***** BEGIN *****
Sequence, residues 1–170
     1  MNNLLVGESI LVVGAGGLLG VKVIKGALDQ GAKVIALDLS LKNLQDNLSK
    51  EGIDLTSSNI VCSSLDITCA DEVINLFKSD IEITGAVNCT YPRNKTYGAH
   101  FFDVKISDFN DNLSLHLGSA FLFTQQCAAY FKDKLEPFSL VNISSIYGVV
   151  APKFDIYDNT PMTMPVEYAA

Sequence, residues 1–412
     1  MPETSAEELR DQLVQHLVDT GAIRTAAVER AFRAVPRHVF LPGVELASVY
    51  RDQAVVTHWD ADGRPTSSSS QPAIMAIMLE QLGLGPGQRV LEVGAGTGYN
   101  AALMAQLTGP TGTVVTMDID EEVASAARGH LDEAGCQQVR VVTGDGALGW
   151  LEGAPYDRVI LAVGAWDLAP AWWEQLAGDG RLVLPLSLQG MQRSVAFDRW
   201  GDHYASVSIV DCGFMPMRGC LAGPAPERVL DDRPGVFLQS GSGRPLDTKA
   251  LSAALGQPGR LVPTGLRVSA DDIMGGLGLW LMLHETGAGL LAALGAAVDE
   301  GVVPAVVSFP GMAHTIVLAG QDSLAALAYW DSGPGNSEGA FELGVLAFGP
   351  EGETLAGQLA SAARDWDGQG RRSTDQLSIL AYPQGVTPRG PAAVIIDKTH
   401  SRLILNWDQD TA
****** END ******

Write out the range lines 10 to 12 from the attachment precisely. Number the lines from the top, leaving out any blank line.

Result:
   151  LEGAPYDRVI LAVGAWDLAP AWWEQLAGDG RLVLPLSLQG MQRSVAFDRW
   201  GDHYASVSIV DCGFMPMRGC LAGPAPERVL DDRPGVFLQS GSGRPLDTKA
   251  LSAALGQPGR LVPTGLRVSA DDIMGGLGLW LMLHETGAGL LAALGAAVDE